From the War of Currents to the history of electricity in homes

From the War of Currents to the history of electricity in homesIn this section of the GeekHistory almanac we look at the history of electricity in homes from the discovery of electricity through the War of Currents.

What was the War of Currents?

In the 1890s the War of Currents was a business and technology battle between the Edison Electric Light Company and Westinghouse Electric Company over what electric power transmission system should be used. George Westinghouse and the Westinghouse Electric Company supported AC (alternating current). Thomas Edison and the Edison Electric Light Company supported DC (direct current).

The internet loves to portray the battle as one between rival inventors Thomas Edison and Nikola Tesla. It makes for a good story of the hero, Tesla, defeating his rival, Edison. Both Thomas Edison and Nikola Tesla were well known in the 1890s and were masters at drawing attention to themselves. George Westinghouse, unlike his rival Edison, did not seek media attention, and was a very private person.

Thomas Edison was a well known inventor riding his success and media attention for inventing the phonograph. Edison leveraged his name and fame to start building DC power plants in New York City. Nikola Tesla was a genius, and his inventions contributed to AC Power distribution, but Tesla was member of a team put together by George Westinghouse.


Who was Nikola Tesla the legacy of the most interesting geek

Nikola TeslaNikola Tesla (1856-1943) was a Serbian born inventor who grew up in an area of the Austro-Hungarian Empire that is the modern-day country of Croatia.  At times the life story of Nikola Tesla flows like an epic science fiction saga. According to legend, the man known as the Master of Lightning was born at the stroke of midnight on July 10, 1856, during a lightning storm in a mountainous area of the Balkan Peninsula. Tesla's parents were Serbian, his father was an orthodox priest, his mother was an inventor of practical household gadgets.

Most of Nikola Tesla's early inventions fell into the categories of electrical power distribution or motors and generators. In 1884, at age 28, Tesla left Europe and headed for New York City in search of Thomas Edison. Tesla was interested in AC (alternating current) systems and was looking to impress Edison with his ideas on AC systems. Edison wasn't interested in hearing about AC, as Edison was developing DC (direct current) electrical power systems.


Thomas Edison launched the modern electric utility industry

Charles P. Steinmetz and Thomas A. Edison All major inventions were an evolution of ideas and inventors over many years. Many light bulbs were invented before Edison's that worked in the laboratory and for short-term demonstrations. There were more that twenty inventors that filed patents for various versions of the incandescent lamp before Edison, and there have been dozens of inventors that have filed patents for incandescent lamps since Edison.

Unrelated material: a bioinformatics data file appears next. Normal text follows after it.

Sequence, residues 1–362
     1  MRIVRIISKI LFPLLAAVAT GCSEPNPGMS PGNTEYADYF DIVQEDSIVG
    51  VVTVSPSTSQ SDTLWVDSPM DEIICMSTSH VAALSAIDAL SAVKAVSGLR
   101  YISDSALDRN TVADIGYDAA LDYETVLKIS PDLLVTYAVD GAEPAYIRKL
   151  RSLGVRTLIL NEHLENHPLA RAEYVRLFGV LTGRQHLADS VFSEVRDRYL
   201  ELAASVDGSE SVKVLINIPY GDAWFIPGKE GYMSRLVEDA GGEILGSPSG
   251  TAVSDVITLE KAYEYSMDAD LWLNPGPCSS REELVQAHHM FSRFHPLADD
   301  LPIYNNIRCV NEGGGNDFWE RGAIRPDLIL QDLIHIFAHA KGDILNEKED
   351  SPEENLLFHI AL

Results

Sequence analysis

In the mythology of famous scientists and inventors, there is the eureka moment, that's when some totally new idea or totally new theory is discovered. Thomas Edison's eureka moment was not in inventing the light bulb but in creating a carbon-filament lamp in a vacuum. This one improvement of the concept of the light bulb created the first commercially practical incandescent light. Edison's first attempts lasted a little over half a day, but eventually his efforts led to a bulb that could burn for 1,200 hours.

Edison's success went beyond the incandescent light bulb to developing an entire integrated system of electric lighting. Thomas Edison presented to the world a complete system of commercial electric lighting and power using a DC (Direct Current) generating station.


Who is responsible for electricity and AC power in our homes

Westinghouse Electric engineers William Stanley and Benjamin Lamme In the previous article we looked at the answer to who contributed to the development of electricity and AC power, by drawing attention to the work of various European inventors that were the establishing the ideas and principals that were used by Thomas Edison or Nikola Tesla.

The War of Currents

The War of Currents was much more than a battle between two crazy inventors, and the efforts to electrify our world was the work of many inventors and engineers. Just as it is impossible to pin point one single invention or one single inventor as the eureka moment when the Internet was invented, the same can be said of the development of electricity and AC power distribution. There are many names from that generation that all played a significant part in the development of bringing electricity to our homes and AC power distribution.

The War of Currents was started as a battle between George Westinghouse and Thomas Edison, Nikola Tesla was not a member of team Westinghouse when it started. The War of Currents started not long after Westinghouse created the Westinghouse Electric Company in 1886. Edison was creating DC power plants and felt threatened by Westinghouse who had been experimenting with AC Power and was ready to start rolling it out commercially. Edison began a public media campaign claiming that high voltage AC systems were inherently dangerous.

By the time the War of Currents ended Thomas Edison was no longer in control of Edison Electric. In 1892 Thomas Edison lost control of his own company, as financier J. P. Morgan merged Edison Electric with the Thomson-Houston Electric Company to form General Electric.

George Westinghouse and the Westinghouse Electric Company would have two decisive victories over General Electric in 1893, first winning the bid to light the 1893 World's Columbian Exposition in Chicago, followed by the getting the contract for building a two phase AC generating system at Niagara Falls.



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